Caswell to talk evils of civil forfeiture before U.S. Senate panel (MA)

TEWKSBURY — Two years after the owners of the Motel Caswell won their battle against the federal government to save their business, U.S. senators will gather to hear the family’s story.

Owner Russ Caswell has since sold the property along Route 38 — now demolished to make way for a bowling alley — but he will share his story before the U.S. Senate Committee on the Judiciary on Wednesday to fight for reform in civil forfeiture.

Caswell and his wife, Patricia, won a four-year lawsuit with the federal government, which was trying to seize the property through civil forfeiture. The law allows the government to seize property under suspicion of criminal activity, without charging or convicting property owners.

With a number of drug incidents over the years, the government had claimed the motel facilitated drug trafficking without doing enough to prevent the crimes.

In 2013, a federal judge dismissed the case arguing that police did not make an effort to work with Caswell to reduce the drug problem.

Though they escaped losing their livelihood, Caswell and his wife, Patricia, are hoping to save other property owners from the same fate.

“He’s just an ordinary working man, he’s not one to give speeches,” Patricia Caswell said as her husband made his way to Washington, D.C. on Tuesday. “But he will do this for as long as he can.”

Caswell said there are so many other people that this affects, and said her husband hopes to help at least one person win their case.

“They’re just robbing the American public blind,” she said. “There’s so many things that are so wrong. You work all our life to make a living and they want to take it from you, and you’ve done nothing wrong.”

Darpana Sheth, an attorney with the non-profit Institute for Justice that helped the Caswells with their case, said their situation is a great example of how forfeiture laws are abused at the federal level.

“People on both sides of the aisle, outsiders like civil liberties groups as well as insiders — even the Department of Justice has recognized the need for forfeiture reform,” she said. “These laws represent one of the most significant assaults on property rights, as well as due process, in our nation today.”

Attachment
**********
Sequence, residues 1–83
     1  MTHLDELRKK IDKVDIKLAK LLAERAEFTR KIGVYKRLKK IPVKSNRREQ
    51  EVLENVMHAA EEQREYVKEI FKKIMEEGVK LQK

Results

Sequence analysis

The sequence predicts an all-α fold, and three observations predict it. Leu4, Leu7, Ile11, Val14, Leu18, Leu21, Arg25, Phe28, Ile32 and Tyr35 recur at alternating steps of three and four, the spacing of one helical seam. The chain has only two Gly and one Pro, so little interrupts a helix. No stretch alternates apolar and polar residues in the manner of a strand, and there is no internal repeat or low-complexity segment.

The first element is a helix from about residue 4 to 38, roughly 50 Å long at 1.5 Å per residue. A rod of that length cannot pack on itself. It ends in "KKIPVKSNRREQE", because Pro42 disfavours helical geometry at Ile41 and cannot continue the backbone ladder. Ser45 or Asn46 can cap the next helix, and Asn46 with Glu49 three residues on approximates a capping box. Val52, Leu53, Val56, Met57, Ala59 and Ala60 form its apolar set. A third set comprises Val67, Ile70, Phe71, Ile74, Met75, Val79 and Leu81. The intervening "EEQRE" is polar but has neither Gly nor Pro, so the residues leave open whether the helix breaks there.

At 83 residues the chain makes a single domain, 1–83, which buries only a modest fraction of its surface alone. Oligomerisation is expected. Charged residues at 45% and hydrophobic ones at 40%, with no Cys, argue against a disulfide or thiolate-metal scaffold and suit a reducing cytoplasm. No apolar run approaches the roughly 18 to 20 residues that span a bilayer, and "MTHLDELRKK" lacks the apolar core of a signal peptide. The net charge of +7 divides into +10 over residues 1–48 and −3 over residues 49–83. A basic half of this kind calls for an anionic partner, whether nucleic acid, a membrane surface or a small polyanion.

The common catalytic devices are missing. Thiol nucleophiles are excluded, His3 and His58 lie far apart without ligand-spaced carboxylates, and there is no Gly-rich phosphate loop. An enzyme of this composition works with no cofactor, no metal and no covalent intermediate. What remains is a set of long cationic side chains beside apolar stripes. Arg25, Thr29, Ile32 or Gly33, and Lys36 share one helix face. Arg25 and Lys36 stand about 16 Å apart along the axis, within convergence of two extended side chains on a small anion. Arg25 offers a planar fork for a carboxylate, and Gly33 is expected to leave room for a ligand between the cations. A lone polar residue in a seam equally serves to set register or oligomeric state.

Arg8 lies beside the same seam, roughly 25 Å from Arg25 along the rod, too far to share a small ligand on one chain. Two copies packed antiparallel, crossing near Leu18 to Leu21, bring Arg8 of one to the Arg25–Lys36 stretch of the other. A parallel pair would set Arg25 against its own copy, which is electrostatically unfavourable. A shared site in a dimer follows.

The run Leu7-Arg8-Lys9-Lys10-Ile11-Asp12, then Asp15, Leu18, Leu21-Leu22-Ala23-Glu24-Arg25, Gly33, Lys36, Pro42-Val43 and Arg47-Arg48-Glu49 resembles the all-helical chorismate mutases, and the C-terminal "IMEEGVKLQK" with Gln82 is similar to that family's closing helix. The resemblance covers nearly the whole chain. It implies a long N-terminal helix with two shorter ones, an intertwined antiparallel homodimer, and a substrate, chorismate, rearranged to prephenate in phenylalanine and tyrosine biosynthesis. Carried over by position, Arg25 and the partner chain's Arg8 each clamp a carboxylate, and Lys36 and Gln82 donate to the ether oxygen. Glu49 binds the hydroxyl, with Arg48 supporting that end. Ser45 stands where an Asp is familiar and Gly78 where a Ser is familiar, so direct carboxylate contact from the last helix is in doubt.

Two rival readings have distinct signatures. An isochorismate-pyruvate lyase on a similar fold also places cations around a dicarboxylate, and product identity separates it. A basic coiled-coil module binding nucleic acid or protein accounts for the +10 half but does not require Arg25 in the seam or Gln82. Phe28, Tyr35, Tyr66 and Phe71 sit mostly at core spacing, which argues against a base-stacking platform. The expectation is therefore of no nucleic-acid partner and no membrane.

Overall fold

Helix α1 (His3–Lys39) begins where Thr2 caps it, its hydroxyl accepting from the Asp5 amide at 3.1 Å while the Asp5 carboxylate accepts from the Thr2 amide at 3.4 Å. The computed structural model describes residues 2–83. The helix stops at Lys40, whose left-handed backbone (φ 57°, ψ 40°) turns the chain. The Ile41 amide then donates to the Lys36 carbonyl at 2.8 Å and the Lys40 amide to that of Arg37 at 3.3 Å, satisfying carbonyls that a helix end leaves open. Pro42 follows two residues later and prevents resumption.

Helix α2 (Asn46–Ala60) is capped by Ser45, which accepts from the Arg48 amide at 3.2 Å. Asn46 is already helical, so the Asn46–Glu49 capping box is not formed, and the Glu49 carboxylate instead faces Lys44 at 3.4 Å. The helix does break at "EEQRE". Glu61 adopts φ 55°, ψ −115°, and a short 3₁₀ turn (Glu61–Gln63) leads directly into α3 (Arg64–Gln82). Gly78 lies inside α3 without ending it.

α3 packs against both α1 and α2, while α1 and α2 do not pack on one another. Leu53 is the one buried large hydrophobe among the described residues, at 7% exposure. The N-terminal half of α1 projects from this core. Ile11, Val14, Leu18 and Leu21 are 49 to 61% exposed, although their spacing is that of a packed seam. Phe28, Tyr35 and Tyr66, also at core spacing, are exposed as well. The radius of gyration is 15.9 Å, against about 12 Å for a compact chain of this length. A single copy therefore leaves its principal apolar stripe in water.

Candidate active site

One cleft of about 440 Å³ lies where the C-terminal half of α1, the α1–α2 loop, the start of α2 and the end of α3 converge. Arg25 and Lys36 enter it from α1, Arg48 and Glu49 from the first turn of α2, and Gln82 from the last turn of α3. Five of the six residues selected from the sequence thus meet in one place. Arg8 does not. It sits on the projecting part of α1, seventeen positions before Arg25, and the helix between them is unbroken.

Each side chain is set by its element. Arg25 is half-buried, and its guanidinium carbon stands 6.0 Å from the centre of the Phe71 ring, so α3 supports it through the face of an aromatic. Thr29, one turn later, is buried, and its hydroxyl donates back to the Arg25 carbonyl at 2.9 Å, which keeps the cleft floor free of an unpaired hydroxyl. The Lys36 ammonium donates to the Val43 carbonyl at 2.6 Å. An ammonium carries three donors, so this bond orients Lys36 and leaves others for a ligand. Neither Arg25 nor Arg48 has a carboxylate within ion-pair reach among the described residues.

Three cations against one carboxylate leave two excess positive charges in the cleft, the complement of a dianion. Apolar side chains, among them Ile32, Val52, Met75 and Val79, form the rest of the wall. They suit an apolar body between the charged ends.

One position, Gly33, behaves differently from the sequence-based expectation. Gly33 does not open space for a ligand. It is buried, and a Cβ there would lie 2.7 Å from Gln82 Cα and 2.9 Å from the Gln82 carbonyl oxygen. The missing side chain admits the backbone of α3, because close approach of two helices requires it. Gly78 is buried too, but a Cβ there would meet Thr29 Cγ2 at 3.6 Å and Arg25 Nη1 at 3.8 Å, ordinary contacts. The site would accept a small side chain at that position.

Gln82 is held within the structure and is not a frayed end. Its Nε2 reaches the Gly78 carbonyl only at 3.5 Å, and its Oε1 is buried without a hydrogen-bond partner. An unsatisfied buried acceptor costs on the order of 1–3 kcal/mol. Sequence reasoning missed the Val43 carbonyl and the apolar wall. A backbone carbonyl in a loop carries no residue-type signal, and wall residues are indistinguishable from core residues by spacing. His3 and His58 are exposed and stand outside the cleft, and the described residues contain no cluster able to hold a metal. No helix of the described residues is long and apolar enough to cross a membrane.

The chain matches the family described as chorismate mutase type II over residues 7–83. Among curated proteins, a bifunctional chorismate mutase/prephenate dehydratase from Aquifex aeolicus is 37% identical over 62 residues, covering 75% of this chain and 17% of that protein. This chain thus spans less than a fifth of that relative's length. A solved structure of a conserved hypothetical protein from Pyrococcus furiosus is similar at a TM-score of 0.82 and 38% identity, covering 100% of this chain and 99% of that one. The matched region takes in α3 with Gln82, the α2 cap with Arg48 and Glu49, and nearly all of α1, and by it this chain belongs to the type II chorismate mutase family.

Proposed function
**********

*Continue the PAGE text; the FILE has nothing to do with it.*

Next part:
The direct financial incentive to seize property, combined with a lack of adequate procedures, has led to a “toxic mix” that creates a situation for widespread abuse, Sheth said.

“This is an issue that unites the left and right,” she said. “Everyone can agree that Americans shouldn’t be able to lose their property without being convicted of a crime, or without having adequate procedural safeguards at least. Everyone can agree that law enforcement should not be directly benefiting from seizure of this property.”

The hearing on civil forfeiture comes as bills in both the House and Senate aim to strengthen the burden of proof for the federal government in such proceedings. Those bills were introduced by Sen. Rand Paul of Kentucky and Sen. Tim Walberg of Michigan.

Russ Caswell will also be back in D.C. on April 21 for an event open to all members of Congress to learn about civil forfeiture.


Caswell to talk evils of civil forfeiture before U.S. Senate panel
Amelia Pak-Harvey
April 14, 2015
Lowell Sun

Additional coverage:

Caswell tells Senate panel: Property seizure was ‘all about money’
Chelsea Feinstein
April 15, 2015
Lowell Sun

WASHINGTON — Tewksbury resident Russ Caswell, who successfully fought off a federal government attempt to seize his motel under civil forfeiture laws in 2013, testified before the Senate Judiciary Committee Wednesday morning in a push for reforming the law.

The government attempted to seize the Motel Caswell in 2009, citing 15 drug incidents that had taken place on the Route 38 property from 1994 to 2008.

The case was dismissed when a federal judge found that police made no effort to work with or warn Caswell. Caswell has since sold the property for $2.1 million to make way for a bowling alley and entertainment facility.

Caswell described his experience as a “living nightmare” courtesy of the federal government. He said he was targeted despite the fact that he had cooperated with police, put cameras up at the motel and checked IDs and license plates for known criminals.

He said he believes he was targeted because his motel was a “mom-and-pop business,” rather than a major corporation with the means to fight a lawsuit.

“They just saw us as a soft target with a big financial gain for themselves,” Caswell said.

“It was all about money. It wasn’t about drugs,” he added.

Caswell urged reforms to the law that would require conviction of a crime before assets are seized.

Institute for Justice attorney Darpana Sheth, who represented Caswell, also testified Wednesday.

She said that their were two key defects in the existing law: the incentive for agencies to “self-finance” with the assets they seize, and inadequate protections for property owners.

The single most important reform that needs to be made to the law, Sheth said, is restoring the presumption of innocence.

“The deck is really stacked against property owners,” she said.

The committee also heard from Chuck Canterbury, national president of the Fraternal Order of Police, and Jonathan Bach of law firm Cooley LLP.